Agreeable people go to great lengths to maintain social harmony, so it makes sense that they are often hyper-aware of how their words or actions influence or impact others. This level of self-awareness can be good, but it can also be detrimental if we start to worry too much about what others think. Studies show that most of us consistently overestimate how much, and how badly, others think about our failings. Most people aren't thinking that much about other people because humans as a species are wildly self-centered. And while it might not be possible or even beneficial to not care what anyone thinks ever, it is freeing to let go of unnecessary worry. You cannot control the thoughts or perceptions of others, even if you think you can.
3. Susceptibility to "Groupthink"
Being too agreeable can also make you susceptible to something called “groupthink,” which is the backbone of cults, MLM's, organized religions, political parties, businesses, creative endeavors, and more or less, any group of people. Groupthink is not always bad, but does result in groups ditching independent thought in favor of collective agreement. Teams with too many highly agreeable people on them tend to fall into this trap more often. In group situations, being disagreeable can actually make you think more independently and look beyond the obvious for other solutions, which is why those who are disagreeable in the workplace often rise to the top. Those who prioritize social harmony over creativity or innovation probably work best independently.
4. You Don't Have Clear Boundaries
Because agreeable people don't want to "rock the boat," they often agree to do whatever everyone else wants to do, or see the movie their partner wants to see, or live where their partner wants to live, or study whatever the world tells them to study. Agreeable people are often easily influenced and don't have clear boundaries. As anyone who has read any book ever knows, boundaries are important if you'd like to live a healthy, toxic-free, fulfilling, and overall objectively not bad life. Setting boundaries can be hard though. To create boundaries, you have to be direct, self-aware, unapologetic, and most of all, you must know what you want, which brings us to point 5. (Check out one of my past blogs about expressing your needs and setting emotional boundaries.)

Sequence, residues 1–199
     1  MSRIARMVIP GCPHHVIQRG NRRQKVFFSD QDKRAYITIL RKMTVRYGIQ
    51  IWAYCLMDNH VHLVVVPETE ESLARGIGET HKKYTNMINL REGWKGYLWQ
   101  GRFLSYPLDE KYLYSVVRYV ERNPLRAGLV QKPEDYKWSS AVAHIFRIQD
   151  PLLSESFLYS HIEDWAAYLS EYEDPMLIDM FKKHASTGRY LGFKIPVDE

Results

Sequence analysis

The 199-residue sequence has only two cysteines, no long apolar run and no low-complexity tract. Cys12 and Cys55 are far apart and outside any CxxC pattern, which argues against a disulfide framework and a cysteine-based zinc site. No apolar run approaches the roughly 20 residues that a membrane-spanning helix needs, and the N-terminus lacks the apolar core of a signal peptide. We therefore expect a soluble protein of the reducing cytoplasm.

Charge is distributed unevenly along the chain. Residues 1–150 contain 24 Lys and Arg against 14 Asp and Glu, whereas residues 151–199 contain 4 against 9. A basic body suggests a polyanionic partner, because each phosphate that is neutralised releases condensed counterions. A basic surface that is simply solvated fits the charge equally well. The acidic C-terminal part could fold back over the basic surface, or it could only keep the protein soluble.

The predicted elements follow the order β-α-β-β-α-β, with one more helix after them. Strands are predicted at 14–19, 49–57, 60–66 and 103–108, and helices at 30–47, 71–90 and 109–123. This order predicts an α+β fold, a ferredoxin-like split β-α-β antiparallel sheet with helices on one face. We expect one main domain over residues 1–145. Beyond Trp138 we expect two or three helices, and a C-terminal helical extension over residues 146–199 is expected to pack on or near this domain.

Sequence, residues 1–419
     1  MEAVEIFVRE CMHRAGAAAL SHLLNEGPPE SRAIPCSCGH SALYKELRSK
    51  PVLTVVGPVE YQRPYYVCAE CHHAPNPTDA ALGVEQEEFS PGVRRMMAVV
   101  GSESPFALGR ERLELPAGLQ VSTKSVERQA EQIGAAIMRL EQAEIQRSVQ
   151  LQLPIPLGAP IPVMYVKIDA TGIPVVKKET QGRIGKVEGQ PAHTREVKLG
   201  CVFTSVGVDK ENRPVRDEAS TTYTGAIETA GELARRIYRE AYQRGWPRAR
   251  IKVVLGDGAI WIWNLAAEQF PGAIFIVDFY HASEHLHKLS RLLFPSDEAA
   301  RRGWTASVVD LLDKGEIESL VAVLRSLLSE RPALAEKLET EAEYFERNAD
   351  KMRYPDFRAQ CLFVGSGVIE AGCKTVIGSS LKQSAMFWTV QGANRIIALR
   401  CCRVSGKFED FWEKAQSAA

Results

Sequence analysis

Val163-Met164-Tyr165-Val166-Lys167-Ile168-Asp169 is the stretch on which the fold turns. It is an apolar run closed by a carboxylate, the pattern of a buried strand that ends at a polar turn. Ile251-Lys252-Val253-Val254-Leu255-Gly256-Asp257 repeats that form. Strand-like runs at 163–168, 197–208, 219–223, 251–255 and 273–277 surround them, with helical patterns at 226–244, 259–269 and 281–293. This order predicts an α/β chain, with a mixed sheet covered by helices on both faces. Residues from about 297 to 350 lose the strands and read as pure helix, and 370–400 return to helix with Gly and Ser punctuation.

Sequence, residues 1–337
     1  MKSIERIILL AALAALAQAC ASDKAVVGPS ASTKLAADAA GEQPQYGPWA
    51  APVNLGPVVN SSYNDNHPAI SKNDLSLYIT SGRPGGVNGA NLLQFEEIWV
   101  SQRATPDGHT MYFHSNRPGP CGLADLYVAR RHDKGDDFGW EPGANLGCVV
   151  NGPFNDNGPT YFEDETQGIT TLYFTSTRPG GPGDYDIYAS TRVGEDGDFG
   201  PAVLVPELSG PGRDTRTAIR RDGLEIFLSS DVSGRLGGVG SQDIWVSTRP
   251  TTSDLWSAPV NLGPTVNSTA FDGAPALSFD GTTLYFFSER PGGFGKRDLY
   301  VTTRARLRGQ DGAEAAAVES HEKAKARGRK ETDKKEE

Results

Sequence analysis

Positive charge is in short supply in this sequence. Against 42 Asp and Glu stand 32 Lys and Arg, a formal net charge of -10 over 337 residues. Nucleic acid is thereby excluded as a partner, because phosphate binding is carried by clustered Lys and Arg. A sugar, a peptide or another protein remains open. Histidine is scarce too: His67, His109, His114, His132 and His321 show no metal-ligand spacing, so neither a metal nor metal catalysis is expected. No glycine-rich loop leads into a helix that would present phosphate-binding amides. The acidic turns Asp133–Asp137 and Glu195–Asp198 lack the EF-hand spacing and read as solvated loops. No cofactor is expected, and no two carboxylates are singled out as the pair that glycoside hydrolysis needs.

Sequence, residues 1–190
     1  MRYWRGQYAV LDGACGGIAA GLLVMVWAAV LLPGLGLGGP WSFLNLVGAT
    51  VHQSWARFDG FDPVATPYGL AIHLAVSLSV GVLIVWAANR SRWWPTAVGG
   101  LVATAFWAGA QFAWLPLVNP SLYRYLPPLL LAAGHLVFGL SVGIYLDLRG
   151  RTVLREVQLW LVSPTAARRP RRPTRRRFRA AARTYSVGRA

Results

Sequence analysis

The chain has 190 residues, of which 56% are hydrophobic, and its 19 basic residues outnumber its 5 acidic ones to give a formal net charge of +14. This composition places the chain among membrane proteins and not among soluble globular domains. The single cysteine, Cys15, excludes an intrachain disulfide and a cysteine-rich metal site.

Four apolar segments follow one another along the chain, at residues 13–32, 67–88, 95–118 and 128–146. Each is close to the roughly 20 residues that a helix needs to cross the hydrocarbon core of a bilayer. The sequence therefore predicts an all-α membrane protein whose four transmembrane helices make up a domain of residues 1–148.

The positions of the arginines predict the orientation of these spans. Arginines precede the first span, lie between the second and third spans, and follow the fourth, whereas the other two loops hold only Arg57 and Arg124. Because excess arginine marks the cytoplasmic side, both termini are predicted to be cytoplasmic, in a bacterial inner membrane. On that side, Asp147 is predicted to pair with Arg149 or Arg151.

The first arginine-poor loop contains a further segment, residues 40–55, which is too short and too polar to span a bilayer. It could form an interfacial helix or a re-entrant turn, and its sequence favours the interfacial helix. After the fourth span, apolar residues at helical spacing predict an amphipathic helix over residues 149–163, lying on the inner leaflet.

5. You Don't Know What You Want
As Peterson says in the video I referenced at the beginning of this oh-so-insightful-blog, agreeable people often spend so much time living for others that they can't live for themselves because they don't know what they want. This strikes me as a wee bit sad: taking the time to figure out exactly what you want is unilaterally empowering and probably the best way to find real and lasting happiness. So how do you do it? According to Jennice Vilhauer, Ph.D., a good way to figure out what you want is to first clarify the things you don't want, because most of us find that easier. Then flip the "don't wants" into wants. For example, "I don't want to work a dead end job that isn't fulfilling" could be flipped into "I want a fulfilling job that offers opportunities for growth."